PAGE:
Mary Kidd pops a VHS tape in the deck and rewinds. Two kids appear on the screen, dancing to music and laughing.

Kidd and her colleagues meet in this loft in Tribeca in New York City every Monday to digitize tapes like this one. The loft has racks of tape decks, oscilloscopes, vector scopes and wave-form monitors that help ensure a quality transfer from analog to digital.

Kidd and the others are archivists and preservationists, and they're part of a group called XFR Collective (pronounced Transfer Collective). Most work professionally, but they volunteer their free time to do this. And while the mood is light, there is a sense of a deadline.

"In the heads of all Transfer Collective members, we do have kind of this 'tick-tock,'" Kidd says.

That's because research suggests that tapes like this aren't going to live beyond 15 to 20 years. Some call this the "magnetic media crisis," and archivists, preservationists, and librarians like the ones in the XFR Collective are trying to reverse it.

Here's how magnetic tapes work: Sounds and images are magnetized onto strips of tape, using the same principle as when you rub a piece of metal with a magnet and it retains that magnetism. But when you take the magnet away, the piece of metal slowly loses its magnetism — and in the same way, the tape slowly loses its magnetic properties.

"Once that magnetic field that's been imprinted into that tape has kind of faded too much, you won't be able to recover it back off the tape after a long period of time," says Howard Lukk, director of standards at the Society of Motion Picture and Television Engineers.

Most tapes were recorded in the 1980s and '90s, when video cameras first became widely available to Americans. That means even the best-kept tapes will eventually be unwatchable.

Lukk estimates there are billions of tapes sitting around. There are plenty of services out there to digitize tapes — local stores, online services, even public libraries and universities. Some services are free; some cost a lot of money.

The thing is, many people don't realize their tapes are degrading.

And some who do know — even members of the XFR Collective, like Mary Kidd — haven't even gotten around to their own tapes.

"Sometimes I do fall asleep at night thinking to myself, 'Oh my gosh, is this tape in the storage space that I own slowly turning into goo?' " Kidd says, laughing. "I hope not. I really hope not."

Digitizing also takes a lot of troubleshooting. Each transfer the Collective does requires them to play the entire tape through while they sit there and watch it.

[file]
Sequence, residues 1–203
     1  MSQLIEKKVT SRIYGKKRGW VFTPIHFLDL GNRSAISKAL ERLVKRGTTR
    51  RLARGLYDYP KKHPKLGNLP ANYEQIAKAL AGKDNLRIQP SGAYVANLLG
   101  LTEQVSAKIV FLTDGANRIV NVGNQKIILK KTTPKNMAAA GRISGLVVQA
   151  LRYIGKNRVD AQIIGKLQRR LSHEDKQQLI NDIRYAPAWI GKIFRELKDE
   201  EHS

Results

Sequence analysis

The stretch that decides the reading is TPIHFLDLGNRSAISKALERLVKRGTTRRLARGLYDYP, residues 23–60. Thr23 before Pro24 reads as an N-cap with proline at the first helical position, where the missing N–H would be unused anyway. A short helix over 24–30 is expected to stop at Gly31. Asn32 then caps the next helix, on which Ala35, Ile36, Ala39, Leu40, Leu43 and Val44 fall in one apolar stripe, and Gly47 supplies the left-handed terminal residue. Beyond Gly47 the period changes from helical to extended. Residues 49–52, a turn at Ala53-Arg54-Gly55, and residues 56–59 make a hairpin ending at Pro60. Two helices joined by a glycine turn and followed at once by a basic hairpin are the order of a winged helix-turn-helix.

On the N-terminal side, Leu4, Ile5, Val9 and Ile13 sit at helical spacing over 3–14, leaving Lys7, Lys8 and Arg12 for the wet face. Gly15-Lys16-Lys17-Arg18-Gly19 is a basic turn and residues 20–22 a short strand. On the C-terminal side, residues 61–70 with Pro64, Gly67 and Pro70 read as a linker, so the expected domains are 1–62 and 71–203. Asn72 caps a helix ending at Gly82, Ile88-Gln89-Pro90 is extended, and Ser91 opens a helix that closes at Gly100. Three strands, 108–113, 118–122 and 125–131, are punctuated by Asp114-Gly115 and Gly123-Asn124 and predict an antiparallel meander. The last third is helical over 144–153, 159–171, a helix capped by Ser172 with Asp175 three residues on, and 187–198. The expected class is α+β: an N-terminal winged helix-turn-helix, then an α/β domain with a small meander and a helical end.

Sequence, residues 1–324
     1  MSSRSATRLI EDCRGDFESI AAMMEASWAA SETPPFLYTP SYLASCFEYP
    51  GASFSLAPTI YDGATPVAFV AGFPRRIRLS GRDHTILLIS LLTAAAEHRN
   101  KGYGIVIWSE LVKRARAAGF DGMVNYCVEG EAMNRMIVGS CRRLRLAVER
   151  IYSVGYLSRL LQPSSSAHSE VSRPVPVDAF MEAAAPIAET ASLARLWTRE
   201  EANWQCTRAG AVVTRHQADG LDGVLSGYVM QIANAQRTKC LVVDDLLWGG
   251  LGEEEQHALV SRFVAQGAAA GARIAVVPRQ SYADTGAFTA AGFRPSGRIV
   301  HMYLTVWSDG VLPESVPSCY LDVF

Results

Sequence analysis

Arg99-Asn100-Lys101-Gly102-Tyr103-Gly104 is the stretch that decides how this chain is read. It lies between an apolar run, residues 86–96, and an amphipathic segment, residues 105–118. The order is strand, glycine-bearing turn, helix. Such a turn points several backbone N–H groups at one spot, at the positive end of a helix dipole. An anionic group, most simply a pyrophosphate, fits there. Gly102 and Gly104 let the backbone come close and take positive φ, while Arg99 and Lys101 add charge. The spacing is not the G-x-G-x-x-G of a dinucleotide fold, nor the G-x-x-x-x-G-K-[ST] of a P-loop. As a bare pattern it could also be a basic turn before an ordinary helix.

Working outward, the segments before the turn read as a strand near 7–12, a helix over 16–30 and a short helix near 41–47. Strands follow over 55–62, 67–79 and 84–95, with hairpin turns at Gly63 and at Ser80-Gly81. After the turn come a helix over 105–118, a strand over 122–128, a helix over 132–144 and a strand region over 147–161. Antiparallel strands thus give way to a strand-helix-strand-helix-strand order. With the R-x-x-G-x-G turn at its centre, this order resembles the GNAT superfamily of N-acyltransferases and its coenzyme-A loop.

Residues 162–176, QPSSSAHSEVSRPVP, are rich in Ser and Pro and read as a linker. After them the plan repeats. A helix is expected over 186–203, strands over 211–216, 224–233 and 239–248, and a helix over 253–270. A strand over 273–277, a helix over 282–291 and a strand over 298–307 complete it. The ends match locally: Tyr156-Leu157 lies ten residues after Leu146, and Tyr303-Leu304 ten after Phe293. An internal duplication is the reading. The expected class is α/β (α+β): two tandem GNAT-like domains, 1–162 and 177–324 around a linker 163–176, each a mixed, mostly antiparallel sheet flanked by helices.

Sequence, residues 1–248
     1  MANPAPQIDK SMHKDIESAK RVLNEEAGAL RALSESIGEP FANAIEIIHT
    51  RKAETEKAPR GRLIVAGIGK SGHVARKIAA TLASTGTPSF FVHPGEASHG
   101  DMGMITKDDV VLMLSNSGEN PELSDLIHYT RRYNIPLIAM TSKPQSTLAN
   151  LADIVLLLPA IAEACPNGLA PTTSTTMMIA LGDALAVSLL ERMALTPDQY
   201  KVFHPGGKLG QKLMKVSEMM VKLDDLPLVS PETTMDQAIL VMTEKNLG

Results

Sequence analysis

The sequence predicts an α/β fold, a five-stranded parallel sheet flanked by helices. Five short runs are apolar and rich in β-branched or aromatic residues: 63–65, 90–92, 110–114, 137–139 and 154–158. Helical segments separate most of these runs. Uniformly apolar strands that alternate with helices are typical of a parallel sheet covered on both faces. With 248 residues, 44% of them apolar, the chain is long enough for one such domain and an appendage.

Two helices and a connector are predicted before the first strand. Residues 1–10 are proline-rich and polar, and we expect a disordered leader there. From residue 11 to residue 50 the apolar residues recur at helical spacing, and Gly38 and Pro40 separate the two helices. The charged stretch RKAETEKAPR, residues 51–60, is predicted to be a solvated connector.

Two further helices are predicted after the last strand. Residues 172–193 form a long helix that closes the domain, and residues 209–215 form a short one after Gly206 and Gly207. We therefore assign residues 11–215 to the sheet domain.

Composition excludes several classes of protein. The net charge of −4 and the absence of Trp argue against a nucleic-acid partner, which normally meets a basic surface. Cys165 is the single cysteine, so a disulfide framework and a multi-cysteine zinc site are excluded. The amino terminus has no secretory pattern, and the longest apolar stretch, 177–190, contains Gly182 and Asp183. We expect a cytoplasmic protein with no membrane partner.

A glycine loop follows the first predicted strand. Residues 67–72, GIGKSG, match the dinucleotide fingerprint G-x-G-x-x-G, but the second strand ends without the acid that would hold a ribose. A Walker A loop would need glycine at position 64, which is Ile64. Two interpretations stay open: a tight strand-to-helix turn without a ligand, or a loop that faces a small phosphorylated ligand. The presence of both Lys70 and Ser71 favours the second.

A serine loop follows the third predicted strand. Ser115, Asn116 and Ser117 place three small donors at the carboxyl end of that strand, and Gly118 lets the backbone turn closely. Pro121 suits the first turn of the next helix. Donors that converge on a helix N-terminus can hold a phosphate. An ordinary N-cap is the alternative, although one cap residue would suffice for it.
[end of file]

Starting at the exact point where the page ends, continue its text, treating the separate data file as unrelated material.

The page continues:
At one point during the Monday night transfer, the video started dropping frames, and Collective member Michael Grant jumped up to adjust the tracking and try to figure out what was happening.

At the same time in the corner, a member named Brendan Allen was struggling with a tape stuck in the jaws of a deck, searching Google and archivist listservs for the answer.

"There's also something very satisfying about seeing something going wrong ... putting our collective consciousness together and figuring out a problem," Kidd says. "It's always an adventure, and I live for it."

XFR Collective works together to identify tapes they think are important to save. That's often videos from communities they believe aren't always well-documented in the archives of institutions these archivists work at during the day: People of color, queer people, immigrants, artists and activists.

Some are old videos of police brutality; others are just weddings or old public access TV that isn't saved anywhere else. All tapes are from people who want their content to be publicly available, and after the tapes are transferred, they're stored on the nonprofit Internet Archive. To date, they've transferred 155 tapes--67 hours in total.

Of course, this doesn't guarantee that they will be saved forever. Digital has its own problems, and Lukk says that some film preservationists argue we should be looking back to before magnetic media for stable preservation — many Hollywood films, for instance, are often stored on film in salt mines, where they can last 100 years.

Grant says he sometimes transfers tapes of people who have been dead for 30 years.

"You get to be really intimately familiar with them in this creepy way," Grant says. "If they were alive and saw you on the street, they would have no idea who you are, but they sort of feel like your old friends."

But over everything, the volunteers devote themselves to this work because if they don't save these intimate, personal histories, it's possible no one will.

Copyright 2017 NPR. To see more, visit http://www.npr.org/.